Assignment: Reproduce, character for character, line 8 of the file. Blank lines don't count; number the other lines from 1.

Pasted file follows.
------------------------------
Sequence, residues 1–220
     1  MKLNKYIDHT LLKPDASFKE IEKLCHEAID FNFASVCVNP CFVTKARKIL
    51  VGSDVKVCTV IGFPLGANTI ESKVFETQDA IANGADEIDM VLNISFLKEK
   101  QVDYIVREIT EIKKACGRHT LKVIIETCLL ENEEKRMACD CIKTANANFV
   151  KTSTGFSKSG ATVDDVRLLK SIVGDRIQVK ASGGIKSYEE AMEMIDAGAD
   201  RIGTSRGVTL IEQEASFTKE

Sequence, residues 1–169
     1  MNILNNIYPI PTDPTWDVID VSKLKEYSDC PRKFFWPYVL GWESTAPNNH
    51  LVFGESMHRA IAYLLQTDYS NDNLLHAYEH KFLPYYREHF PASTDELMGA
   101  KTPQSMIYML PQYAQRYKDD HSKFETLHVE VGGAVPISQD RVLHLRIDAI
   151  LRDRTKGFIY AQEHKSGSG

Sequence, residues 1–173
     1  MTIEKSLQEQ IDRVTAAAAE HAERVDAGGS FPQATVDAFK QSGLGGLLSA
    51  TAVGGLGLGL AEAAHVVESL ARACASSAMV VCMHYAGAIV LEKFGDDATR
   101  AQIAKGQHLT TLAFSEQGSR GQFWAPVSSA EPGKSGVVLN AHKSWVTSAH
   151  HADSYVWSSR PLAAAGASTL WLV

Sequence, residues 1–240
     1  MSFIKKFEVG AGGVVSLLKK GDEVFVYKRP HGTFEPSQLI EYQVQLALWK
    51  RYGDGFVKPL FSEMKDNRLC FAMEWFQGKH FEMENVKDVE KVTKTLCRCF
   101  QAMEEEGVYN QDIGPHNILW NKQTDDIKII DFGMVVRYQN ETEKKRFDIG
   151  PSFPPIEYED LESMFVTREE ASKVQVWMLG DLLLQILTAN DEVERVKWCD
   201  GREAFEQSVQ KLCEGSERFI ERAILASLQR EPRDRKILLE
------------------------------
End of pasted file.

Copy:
     1  MNILNNIYPI PTDPTWDVID VSKLKEYSDC PRKFFWPYVL GWESTAPNNH